Only in the 1990s did feminist literature realize that feminism was not a one-size-fits-all term, and that there was not a single understanding of feminist theory. The original feminist perspective unquestionably arose from a struggle against tradition. However, the top-down, west to east, liberated to unliberated formulation of the modernization theory left out the effects of cultural diversity, reproduction rights, family structures.

The concepts of industry vs. family, modernity vs. tradition, work life vs. child care distracted most Western societies from the family structure, which has resulted in today's Western state-sponsored programs to subsidize families, increase the birth rate to prevent a demographic decline.

Attacking tradition or patriarchy for the sake of modernity to such an extent risked putting nothing tangible in their place. A reinterpretation of the established values rather than destroying them is a topic that has been openly discussed by women from different societies in the last decade. Excluding the role of religion, or Christianity in the European case, created a level of discontent among female activists, which recently rejected the exemplification of a homogeneous secular female agency.


Tradition was, yes, a means to impose submission, a historically inferior status for women, forcing obedience, but it was also the means to present the accumulation of centuries-long human experience and allowed the continuity of family through generations and greased the wheels of the functioning of society.

Tradition is also not a set of absolute rules but a constantly changing reflection of societies. Due to its depiction as frozen in time immemorial in the modernism debate, tradition failed to adapt to the times as it had in the past and never had the chance to convert itself based on the needs of women in modern society. The resulting destruction of the traditional society, with its inherent checks and balances, left women even more vulnerable and created a new set of problems in our societies.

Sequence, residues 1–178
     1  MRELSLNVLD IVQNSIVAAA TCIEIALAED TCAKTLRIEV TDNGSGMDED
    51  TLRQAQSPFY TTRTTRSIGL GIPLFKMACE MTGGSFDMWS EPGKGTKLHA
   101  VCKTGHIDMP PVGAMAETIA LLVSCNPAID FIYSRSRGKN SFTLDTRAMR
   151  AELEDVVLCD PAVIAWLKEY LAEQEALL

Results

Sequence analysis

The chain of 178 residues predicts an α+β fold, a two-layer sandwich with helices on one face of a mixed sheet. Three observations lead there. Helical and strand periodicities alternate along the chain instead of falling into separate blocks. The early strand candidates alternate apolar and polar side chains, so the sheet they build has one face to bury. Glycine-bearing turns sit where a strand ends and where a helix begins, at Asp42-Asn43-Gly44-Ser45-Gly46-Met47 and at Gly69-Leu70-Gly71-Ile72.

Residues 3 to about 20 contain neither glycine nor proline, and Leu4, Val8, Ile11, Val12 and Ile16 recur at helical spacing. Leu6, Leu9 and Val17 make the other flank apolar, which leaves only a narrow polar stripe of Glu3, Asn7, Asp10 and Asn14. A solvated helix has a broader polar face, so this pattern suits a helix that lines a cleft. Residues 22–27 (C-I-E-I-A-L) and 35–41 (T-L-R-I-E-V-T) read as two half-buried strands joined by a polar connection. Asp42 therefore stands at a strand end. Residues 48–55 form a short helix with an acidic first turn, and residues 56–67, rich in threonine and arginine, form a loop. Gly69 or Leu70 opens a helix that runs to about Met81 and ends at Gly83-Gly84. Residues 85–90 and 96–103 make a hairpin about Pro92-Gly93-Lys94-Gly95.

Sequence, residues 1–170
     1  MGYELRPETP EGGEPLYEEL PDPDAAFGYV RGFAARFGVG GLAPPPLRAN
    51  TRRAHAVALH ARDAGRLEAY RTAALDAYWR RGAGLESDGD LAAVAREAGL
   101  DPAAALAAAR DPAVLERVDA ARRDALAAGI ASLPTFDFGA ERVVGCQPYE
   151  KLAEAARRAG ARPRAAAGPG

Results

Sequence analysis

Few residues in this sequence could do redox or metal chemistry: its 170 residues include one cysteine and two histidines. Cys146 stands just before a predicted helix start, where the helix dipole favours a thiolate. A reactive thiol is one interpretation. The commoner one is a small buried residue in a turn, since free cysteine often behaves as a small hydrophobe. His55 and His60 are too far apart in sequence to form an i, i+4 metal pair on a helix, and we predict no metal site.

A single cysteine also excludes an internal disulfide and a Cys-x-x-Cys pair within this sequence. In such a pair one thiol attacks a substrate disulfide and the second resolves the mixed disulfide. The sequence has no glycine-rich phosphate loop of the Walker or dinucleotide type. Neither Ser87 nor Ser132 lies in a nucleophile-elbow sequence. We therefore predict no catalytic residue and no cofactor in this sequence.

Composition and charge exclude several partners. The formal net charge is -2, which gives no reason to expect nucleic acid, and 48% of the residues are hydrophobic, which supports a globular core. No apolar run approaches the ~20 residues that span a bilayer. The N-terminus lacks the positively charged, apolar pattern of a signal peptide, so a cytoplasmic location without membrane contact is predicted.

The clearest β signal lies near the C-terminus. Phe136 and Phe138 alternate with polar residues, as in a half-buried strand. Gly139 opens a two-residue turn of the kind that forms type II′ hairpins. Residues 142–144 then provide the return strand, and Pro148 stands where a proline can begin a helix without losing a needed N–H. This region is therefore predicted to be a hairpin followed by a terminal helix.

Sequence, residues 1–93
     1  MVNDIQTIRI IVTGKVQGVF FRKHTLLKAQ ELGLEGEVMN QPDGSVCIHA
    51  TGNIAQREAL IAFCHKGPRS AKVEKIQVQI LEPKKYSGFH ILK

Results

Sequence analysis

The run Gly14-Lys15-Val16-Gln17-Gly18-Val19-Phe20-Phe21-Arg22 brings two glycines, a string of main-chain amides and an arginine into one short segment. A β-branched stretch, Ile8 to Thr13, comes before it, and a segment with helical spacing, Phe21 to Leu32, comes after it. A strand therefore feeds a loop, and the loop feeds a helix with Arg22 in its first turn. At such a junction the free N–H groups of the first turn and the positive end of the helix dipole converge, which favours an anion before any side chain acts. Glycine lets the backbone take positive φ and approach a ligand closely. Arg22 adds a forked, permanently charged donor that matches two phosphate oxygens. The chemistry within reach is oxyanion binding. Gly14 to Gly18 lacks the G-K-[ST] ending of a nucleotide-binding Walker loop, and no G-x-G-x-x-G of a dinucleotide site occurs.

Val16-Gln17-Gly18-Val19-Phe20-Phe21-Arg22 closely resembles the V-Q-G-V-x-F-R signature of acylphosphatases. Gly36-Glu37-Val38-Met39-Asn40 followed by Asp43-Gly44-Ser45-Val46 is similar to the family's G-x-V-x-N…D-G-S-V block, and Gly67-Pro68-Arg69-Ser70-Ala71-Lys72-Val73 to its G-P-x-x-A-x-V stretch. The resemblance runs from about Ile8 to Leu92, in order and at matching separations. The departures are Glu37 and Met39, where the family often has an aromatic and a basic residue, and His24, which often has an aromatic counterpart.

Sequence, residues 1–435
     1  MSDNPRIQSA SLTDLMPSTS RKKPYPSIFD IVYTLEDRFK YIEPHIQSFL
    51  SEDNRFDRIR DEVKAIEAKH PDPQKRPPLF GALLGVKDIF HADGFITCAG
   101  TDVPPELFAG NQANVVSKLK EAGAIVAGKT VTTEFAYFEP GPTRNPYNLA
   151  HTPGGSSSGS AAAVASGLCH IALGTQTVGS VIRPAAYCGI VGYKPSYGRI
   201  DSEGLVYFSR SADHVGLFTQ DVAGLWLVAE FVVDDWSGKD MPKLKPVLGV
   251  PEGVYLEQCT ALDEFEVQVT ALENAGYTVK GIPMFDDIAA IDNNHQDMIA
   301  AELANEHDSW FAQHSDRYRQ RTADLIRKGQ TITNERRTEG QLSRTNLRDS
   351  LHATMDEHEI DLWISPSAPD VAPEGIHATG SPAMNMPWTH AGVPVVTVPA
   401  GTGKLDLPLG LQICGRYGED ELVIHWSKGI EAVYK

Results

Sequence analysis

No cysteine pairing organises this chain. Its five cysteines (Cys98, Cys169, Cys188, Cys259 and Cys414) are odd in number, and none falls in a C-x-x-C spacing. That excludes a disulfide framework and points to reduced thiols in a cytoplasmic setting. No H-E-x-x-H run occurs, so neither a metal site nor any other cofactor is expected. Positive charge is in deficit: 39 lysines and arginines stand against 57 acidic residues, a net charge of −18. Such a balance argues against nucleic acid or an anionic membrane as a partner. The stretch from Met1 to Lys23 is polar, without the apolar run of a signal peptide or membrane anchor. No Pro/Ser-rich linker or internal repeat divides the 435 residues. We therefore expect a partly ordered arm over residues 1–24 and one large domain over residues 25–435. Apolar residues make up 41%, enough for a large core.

Unfortunately, modern societies and the Western understanding of feminism created female agency not free from gender walls and distances. Family remains a gender wall for women, along with a myriad of burdens produced by modernity.

Married women with children in most modern societies face extreme difficulties, not due to strict working hours, but because they are also burdened with the duties of the family. The glass ceiling is a term of discrimination not produced by tradition but is purely an outcome of modern perspective imposed on women that they have to be presentable, young and fashionable, but at the very same time, they should not pursue a top career.

Women, when forced to conform to "ideal" body-size measurements and anti-aging standards, enter a vicious circle that extort their well-earned money, which could be used for themselves and their family, just to become accepted as proper members of society. If they refuse to conform, they are destined to be isolated and valueless.

It is obvious that with or without tradition, women continue to suffer. They are forced to manage an impossible array of responsibilities by balancing a family, career, education and their lives. From the conservative perspective, the family is a prerequisite for everything, but many times, it fails to produce the necessary answers to the problems mentioned above. Modern societies, as exemplified by their treatment of women, are producing modern traditions to suppress and impose a new set of rules that make women's lives much more difficult. Still, many questions linger: How will a mother raise her child with an ongoing professional life and social appearance while men still have little roles for the family? And how will women confront the ludicrous standards imposed by the capitalist modern society?